The Finnish experience during World War II was even more peculiar than it appears to be at first glance. Not only was it the only democracy allied with the Axis powers, it also maintained its military independence despite repeated attempts by the German High Command to integrate the Finnish army into the German chain of command.  Finland managed this despite being heavily dependent on Germany for food, fuel, and weapons.

Finland was also unique among European states bordering Russia in 1939 in that it was not occupied by 1945.  Only 3 European countries fighting in World War II did not have their capitals occupied at one time or another:  the United Kingdom, the U.S.S.R, and Finland.

Finnish Jews were not systematically persecuted, though 8 Jewish refugees were at one point handed over to the Nazis, an aberration for which a Finnish Prime Minister offered an official apology after the war.  Finnish Jews fought as members of the Finnish Army, which provided them with a field synagogue.

Against the odds, Finland maintained its independence.  Astonishingly, they paid off their renegotiated war reparations.

So what does the Finnish experience in World War II demonstrate?  Possibly that:

  • Neutrality is a luxury dependent on a degree of removal from the problem.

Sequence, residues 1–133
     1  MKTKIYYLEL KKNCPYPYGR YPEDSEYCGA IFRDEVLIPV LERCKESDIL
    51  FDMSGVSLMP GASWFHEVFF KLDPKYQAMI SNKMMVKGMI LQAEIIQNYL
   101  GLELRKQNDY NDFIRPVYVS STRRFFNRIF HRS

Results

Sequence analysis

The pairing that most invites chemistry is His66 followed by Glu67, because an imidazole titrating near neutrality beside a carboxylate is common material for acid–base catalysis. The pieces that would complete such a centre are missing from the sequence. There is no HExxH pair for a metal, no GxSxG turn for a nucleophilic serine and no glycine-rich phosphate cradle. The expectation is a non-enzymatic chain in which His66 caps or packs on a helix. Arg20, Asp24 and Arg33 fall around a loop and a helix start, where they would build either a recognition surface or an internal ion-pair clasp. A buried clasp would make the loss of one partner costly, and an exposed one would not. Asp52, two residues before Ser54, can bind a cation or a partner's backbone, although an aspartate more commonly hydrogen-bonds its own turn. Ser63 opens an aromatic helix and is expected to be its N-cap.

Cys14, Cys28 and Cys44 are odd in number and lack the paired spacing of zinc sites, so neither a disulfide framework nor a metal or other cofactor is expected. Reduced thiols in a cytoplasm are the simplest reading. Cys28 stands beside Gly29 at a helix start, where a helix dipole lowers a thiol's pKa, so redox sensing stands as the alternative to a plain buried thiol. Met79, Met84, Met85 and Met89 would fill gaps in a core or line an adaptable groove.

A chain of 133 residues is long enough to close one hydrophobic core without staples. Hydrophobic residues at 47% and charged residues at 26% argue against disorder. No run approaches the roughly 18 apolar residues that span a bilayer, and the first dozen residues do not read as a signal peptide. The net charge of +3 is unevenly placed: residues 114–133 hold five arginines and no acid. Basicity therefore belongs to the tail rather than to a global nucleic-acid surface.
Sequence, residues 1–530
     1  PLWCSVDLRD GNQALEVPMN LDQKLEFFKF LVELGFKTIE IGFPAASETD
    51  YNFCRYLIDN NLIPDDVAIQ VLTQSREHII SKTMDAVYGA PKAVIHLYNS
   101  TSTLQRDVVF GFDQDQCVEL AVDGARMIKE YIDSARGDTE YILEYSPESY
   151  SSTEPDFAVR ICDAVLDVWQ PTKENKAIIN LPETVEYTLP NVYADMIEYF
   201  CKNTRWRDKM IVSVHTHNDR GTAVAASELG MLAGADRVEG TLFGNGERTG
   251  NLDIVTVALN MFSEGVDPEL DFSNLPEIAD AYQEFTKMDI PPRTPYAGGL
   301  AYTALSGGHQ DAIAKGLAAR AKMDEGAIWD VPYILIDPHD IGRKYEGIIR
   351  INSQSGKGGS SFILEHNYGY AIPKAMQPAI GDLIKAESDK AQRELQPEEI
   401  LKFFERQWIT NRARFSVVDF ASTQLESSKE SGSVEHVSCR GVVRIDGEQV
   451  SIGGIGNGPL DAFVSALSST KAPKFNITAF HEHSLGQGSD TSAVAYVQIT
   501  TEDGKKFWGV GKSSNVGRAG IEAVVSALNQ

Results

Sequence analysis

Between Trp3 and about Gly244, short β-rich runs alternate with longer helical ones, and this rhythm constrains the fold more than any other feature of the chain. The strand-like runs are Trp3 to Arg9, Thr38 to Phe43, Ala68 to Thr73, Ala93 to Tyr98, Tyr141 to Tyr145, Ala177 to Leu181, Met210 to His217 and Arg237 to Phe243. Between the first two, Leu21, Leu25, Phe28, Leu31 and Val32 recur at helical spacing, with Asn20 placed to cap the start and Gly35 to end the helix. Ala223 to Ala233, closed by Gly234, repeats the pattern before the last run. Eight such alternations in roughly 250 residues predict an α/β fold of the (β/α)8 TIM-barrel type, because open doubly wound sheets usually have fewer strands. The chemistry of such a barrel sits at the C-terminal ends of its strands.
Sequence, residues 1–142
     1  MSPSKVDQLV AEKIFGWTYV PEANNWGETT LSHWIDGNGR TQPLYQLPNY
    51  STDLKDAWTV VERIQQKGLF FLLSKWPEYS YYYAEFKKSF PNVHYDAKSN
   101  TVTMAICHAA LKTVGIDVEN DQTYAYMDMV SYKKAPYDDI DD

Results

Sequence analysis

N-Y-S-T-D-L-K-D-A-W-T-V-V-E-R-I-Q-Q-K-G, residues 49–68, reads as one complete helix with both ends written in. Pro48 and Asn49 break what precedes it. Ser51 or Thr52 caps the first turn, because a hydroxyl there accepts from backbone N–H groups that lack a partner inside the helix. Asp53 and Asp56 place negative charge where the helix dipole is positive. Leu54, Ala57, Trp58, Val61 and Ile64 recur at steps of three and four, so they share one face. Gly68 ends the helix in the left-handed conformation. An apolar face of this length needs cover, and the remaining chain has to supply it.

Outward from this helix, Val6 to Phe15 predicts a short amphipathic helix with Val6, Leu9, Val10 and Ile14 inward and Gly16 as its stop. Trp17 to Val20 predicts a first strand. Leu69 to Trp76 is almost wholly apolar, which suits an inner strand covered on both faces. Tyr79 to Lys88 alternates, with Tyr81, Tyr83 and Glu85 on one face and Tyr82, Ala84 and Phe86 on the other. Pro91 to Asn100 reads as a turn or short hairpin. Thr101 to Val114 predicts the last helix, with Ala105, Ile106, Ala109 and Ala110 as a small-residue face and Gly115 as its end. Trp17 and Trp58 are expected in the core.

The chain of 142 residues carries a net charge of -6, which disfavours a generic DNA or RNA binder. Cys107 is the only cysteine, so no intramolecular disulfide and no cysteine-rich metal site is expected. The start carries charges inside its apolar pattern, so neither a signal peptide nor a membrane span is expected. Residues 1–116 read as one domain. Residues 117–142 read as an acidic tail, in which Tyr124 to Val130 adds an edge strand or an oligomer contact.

• Hard fighting within strict limits can be more successful than suicidal idealistic courage.
  • Sometimes it is necessary to forge an alliance with the Devil.
  • Just because you are at war with somebody doesn’t mean you have to stop talking with them.


Further Reading: 

  • Allen Chew’s The White Death and Richard Condon’s The Winter War provide overviews of the Russo-Finnish conflicts in World War II.
  • The magnitude of Stalin’s atrocities still astonishes. Ann Applebaum’s Gulag provides a useful  summary, and her Gulag Voices collects testimony of Gulag prisonersVarlam Shalamov’s Kolyma Tales give a personal and artistic perspective to complement the essential but prolix Gulag Archipelago of Alexander Solzhenitsyn.


  • Timothy Snyder’s Bloodlands usefully summarizes the problems and experiences of European states and peoples caught between Stalin and Hitler.